I always tell people that their footwear will have a greater impact on their life than the car they drive . . . and they laugh. Then they start to think about it. All that money that goes into purchasing, financing, repairing, and insuring a car can be used for so many better purposes (for a non-enthusiast). College. Vacations. Cheap wine. You name it. The list is endless and the knowledge to achieve those ends is definitely out there. But how can it “really” be done? How can the laymen amongst us overcome the stacked deck of MBAs and conspicuous consumption that is seemingly “the American way” when it comes to cars and so many other things?
Education. That’s a big part of it. Obviously not the type that involves the perpetual pushing of pencils, but the freedom that comes from actually doing things. Teenagers and adults, young and vicariously young, need the opportunity to learn by mastering the basics of maintaining a car. Learning to perform an oil change, a brake job, how to check a car’s fluids, and replacing tires and batteries really takes no more than a full day or two of healthy learning. Alone it would save the average person tens of thousands of dollars over their lifetime. It would also minimize the waste of neglected cars in general. It’s also a brilliant excuse for high school geeks all over the world to get out of phys. ed.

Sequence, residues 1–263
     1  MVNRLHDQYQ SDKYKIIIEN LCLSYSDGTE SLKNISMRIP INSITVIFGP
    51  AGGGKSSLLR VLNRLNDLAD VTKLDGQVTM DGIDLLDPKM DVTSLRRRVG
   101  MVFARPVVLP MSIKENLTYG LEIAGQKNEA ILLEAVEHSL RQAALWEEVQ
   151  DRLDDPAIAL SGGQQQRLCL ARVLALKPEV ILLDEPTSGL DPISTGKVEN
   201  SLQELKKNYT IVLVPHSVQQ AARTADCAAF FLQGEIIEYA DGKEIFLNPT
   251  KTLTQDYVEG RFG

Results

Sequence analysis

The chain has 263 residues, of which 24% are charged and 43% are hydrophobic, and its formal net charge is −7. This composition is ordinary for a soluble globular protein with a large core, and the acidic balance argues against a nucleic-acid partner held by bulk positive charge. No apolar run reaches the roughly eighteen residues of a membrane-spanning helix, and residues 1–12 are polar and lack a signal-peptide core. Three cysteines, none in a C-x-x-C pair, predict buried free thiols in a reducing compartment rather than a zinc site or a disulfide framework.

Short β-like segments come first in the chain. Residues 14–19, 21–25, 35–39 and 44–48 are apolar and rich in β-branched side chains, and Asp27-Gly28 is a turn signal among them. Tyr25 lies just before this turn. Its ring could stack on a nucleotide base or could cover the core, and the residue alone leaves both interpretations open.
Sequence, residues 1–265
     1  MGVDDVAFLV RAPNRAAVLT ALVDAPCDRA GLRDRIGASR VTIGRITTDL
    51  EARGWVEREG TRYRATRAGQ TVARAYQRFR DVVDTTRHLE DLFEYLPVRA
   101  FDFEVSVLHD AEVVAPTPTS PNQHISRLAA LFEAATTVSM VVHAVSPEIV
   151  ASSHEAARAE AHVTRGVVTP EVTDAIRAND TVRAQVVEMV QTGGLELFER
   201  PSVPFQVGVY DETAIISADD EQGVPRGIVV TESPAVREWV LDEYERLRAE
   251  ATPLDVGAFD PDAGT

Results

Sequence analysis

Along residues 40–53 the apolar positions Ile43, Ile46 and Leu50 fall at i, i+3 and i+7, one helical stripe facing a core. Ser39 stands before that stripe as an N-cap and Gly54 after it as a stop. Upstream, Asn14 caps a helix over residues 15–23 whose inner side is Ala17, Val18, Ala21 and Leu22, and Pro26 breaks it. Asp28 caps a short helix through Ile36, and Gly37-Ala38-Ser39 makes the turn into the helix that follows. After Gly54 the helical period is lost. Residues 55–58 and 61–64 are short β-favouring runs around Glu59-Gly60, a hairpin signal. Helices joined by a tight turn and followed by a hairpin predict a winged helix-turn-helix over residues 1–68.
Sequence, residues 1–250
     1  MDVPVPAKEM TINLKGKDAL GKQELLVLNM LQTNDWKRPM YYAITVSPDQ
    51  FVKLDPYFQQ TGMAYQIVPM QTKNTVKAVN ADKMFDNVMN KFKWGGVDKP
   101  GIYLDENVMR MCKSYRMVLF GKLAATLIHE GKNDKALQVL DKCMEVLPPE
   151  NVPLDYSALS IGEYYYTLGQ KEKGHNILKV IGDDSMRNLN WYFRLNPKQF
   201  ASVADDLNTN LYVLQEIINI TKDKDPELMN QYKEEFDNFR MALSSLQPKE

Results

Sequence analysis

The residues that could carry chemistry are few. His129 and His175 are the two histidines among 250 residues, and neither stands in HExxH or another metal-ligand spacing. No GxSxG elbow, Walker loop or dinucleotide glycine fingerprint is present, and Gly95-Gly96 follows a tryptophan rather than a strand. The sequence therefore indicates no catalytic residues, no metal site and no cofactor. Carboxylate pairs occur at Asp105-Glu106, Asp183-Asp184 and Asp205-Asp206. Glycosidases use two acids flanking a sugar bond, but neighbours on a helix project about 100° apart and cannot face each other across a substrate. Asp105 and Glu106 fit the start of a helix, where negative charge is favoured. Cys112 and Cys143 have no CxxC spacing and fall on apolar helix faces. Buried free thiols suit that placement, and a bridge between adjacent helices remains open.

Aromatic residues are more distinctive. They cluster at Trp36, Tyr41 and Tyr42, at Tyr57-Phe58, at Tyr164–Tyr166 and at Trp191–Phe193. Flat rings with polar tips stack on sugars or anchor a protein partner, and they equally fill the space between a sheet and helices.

I would say that cynicism of the automotive media is the flip side to a good education when it comes to cars. For the last ten years, it seems like every car company is trying to make their cars into a Prozac capsule or a Viagra alternative. When I mention that to folks, they’ll laugh . . . and then reconsider. Perhaps it’s true that the flashy HUMMER can climb a very well positioned rock. But a 15-year-old Land Cruiser, Range Rover, Wrangler or Cherokee can easily do it for less than a fifth of the cost and will be a helluva lot more interesting to drive.
Finally, I would say that investing in quality makes a huge difference in minimizing all forms of cost, including ignorance. I have a friend who bought a 20-year-old Volvo 240 wagon from me for $1500 back in the good old days of 2007. She cares about cars as much as I care about TV shows on the Lifetime network. In lieu of that, I told her that if she simply followed the maintenance schedule I gave her, visited an enthusiast site whenever she had a question, and used parts from companies I highlighted, she would be fine. Two years later the 22-year-old Volvo still drives exceptionally well.